‘Family Guy’ Comes Back From The Dead [Opinion]

Richard ShotwellAP Images

For the past couple of years, Seth MacFarlane’s Family Guy has been on its deathbed. Vice, as well as many other news outlets, have said the show should be kept in the morgue. It’s quite possible that Seth MacFarlane heard this criticism, got back to work, and made the show relevant again. The past two episodes of Family Guy are not only two of the best episodes of the show’s entire run, but they are also two of the best episodes of any television show this year.

The episode Dog Bites Bear, which aired on January 11, is surprising, and it wasn’t because of its humor. It’s literally one of the most tear-jerking things on television this year. It’s almost as sad as watching Jack die on This is Us. This Family Guy episode dealt with death, but not the kind you think. In this episode, Stewie’s favorite teddy bear, Rupert, gets chewed up by Brian, who Stewie accuses of murder.

Family Guy Show
The past two episodes of 'Family Guy' have been brilliant. Featured image credit: Earl Gibson IIIGetty Images

At first, one is led to believe that Brian was just doing what dogs always do. But the episode reveals that Brian knew what he was doing and killed the bear because he is jealous that this stuffed animal, which isn’t even alive, is taking up all of Stewie’s attention. At first, Brian is shocked that Stewie is acting like a family member has been murdered. However, he soon becomes sensitive to Stewie’s feelings and follows him to Vermont up a mountain to scatter Stewie’s ashes.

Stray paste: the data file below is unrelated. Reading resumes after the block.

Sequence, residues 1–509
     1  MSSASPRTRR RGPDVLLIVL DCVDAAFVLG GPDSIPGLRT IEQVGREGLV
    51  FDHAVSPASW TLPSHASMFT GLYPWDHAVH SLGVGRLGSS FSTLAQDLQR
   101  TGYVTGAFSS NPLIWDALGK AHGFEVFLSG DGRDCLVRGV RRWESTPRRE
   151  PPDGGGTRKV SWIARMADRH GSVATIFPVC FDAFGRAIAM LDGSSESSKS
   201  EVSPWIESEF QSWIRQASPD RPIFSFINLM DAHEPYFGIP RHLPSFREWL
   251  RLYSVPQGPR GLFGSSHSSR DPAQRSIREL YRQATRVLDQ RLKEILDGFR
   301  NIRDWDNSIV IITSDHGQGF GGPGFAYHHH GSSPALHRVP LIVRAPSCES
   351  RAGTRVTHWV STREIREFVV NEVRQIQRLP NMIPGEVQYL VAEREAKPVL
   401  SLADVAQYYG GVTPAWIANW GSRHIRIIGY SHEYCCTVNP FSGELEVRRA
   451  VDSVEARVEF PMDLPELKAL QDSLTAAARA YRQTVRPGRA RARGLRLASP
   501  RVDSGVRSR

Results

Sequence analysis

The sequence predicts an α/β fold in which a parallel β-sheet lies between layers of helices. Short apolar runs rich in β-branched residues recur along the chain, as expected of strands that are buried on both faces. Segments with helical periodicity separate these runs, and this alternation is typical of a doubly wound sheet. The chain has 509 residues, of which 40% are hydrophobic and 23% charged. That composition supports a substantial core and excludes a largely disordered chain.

On the way up the mountain, both reveal their true feelings to each other. Stewie reveals that he’s afraid to get too attached to Brian anymore because in the not-so-distant future, Brian will be crossing that rainbow bridge. The two bond together again, and their bond is stronger than ever. The episode was heartbreaking for anybody who has recently lost their favorite pet. It showed how strong the bond between kids and pets are. It’s almost like Marley and Me, but without the dog being put to sleep.

Don’t worry, the ending won’t be revealed here. But let’s just say that even if you are not a Family Guy fan, you’ll likely cry after the final scene. You will also be shocked on how sincere the writing of this episode was. Of course, the show never needed sincerity to succeed. But it does feel good after 16 seasons.

Last week’s episode, “Send in Stewie, Please,” continues Seth MacFarlane’s love of vulgar shock — but it is actually humorous (in a very dark way) this time when we see Stewie let his psychologist die of a heart attack without helping him. It ends up that he saves Dr. Pritchfield (voiced by Ian McKellen) from receiving some awful heartbreaking news.

Stewie’s conversation with Dr. Pritchfield about his insecurities, fears, and hangups makes the viewer analyze themselves. It’s quite interesting how Stewie soon becomes the psychologist who analyzes Pritchfield. Through this, we learn that everybody has their issues, even rich doctors. The conversation also deals with relationships in the LGBT community; Dr. Pritchfield is involved with a much younger boyfriend. How does their relationship work? Perhaps, it doesn’t. And Stewie makes Pritchfield realize this.

Stewie reveals more of himself to Pritchfield than he has ever shown to anyone else. So, when the doctor is having a heart attack and needs his medicine, Stewie realizes he has a way out; he ignores Pritchfield’s request to hand him his pills. In writing, this may seem cruel. In the context of the show, however, you realize that Stewie is doing both himself and the doctor a favor.

Seth MacFarlane and his team are, once again, on top of their game. This time, the game may not be crude humor, humor that has become stale. Instead, Family Guy is now all about making us examine ourselves and how we react to others. Keep up the great work, Mr. MacFarlane!